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Acute and Chronic Pain

Chronic and acute pain are frequently treated in Anthroposophic Healthcare. A variety of studies have investigated its impact (1-12). Case reports describe its procedures (13, 14) and qualitative studies, its basic concepts (15). Most, but not all, studies found a substantial improvement of pain levels, quality of life, sick leave and medication use (1-12).

An example is a recent study (12) from Kairos Rehabilitation Trust in London where a small National Health Service pain team provides eurythmy and rhythmical massage therapies backed by a number of social and work-related activities. A retrospective clinical evaluation was made on the first 30 chronic pain patients to attend the Kairos programme, who had been unresponsive to primary or secondary care pain clinic interventions. Despite initial higher than average levels of disability, there was a statistically significant improvement in quality of life, median average pain intensity and clinical depression, 19 months after participating in the project. Repeat analgesic and psychotropic medication prescriptions were reduced by 46% and use of hospital specialist services reduced by 51%, also, on average, 19 months after leaving the programme. The ‘Kairos Model’ was finalist in the BMJ 2017 Awards for innovation.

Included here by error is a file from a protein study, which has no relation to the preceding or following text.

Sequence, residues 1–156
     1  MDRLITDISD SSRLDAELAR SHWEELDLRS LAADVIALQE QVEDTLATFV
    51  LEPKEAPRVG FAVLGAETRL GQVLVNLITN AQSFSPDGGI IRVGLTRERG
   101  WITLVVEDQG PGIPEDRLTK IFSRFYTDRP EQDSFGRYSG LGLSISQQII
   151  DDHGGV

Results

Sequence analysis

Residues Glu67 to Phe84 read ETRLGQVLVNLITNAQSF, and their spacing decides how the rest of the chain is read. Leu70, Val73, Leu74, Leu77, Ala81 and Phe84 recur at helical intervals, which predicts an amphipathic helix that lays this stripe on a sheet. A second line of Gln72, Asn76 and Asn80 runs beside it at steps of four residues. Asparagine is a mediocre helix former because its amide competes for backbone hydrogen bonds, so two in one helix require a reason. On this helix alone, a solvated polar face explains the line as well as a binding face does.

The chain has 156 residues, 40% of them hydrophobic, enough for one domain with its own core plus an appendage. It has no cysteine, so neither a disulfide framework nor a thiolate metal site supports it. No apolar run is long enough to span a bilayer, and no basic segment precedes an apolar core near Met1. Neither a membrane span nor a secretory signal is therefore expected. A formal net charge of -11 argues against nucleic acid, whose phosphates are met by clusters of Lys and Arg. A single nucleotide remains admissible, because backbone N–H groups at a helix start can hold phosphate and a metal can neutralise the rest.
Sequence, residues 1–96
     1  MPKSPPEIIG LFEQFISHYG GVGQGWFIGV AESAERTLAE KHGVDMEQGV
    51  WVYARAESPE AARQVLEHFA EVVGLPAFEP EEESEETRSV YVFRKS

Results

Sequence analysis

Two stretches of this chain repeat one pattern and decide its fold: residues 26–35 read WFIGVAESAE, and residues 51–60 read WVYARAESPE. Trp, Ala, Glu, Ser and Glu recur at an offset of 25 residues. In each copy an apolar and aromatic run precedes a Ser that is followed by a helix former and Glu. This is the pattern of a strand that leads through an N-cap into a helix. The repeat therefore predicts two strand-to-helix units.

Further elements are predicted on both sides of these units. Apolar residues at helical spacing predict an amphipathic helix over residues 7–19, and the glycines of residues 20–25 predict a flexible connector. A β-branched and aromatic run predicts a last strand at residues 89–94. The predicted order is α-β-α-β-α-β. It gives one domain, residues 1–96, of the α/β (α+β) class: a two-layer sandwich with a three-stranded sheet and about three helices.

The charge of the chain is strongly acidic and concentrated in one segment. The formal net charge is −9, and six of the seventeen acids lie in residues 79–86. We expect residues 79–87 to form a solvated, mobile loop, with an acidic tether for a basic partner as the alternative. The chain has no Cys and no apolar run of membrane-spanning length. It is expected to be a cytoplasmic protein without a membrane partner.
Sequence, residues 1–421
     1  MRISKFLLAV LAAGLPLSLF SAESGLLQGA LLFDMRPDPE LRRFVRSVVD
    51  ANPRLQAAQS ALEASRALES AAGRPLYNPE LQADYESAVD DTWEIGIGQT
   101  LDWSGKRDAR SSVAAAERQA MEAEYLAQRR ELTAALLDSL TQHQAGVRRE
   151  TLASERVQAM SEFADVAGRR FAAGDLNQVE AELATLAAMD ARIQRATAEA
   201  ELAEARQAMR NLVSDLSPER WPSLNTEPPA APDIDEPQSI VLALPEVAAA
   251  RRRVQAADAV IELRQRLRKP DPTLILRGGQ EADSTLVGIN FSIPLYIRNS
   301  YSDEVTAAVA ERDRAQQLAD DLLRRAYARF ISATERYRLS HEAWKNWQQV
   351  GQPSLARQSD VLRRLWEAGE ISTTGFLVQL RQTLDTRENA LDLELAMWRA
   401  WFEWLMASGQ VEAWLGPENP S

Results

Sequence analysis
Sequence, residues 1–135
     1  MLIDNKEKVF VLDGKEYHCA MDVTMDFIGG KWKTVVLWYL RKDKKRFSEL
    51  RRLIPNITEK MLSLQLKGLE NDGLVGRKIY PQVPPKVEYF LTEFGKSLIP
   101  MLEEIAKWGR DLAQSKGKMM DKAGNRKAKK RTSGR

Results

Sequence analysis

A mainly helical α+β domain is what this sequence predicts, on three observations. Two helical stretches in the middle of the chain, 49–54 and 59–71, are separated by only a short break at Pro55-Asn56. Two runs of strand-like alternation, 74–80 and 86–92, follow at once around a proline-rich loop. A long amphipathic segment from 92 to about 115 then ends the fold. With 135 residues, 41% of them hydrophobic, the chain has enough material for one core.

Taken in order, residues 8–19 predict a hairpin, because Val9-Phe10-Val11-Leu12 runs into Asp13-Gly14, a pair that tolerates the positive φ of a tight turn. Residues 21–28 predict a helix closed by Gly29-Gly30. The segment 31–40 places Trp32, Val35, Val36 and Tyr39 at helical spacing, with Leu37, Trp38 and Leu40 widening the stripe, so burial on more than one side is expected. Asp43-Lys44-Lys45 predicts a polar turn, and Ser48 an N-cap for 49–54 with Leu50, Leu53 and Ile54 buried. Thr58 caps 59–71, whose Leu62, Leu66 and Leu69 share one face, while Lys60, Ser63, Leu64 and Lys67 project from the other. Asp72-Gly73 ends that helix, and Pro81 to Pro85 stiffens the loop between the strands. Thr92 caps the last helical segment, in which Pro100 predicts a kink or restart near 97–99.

January 2018

Dr. med. Gunver S. Kienle*, Dr. med. David McGavin **
* IFAEMM Freiburg at the Witten Herdecke University  *Center for Complementary Medicine, Medical Center, University of Freiburg
** Kairos Rehabilitation Trust, Greenwich, London, UK  david.mcgavin@nhs.net

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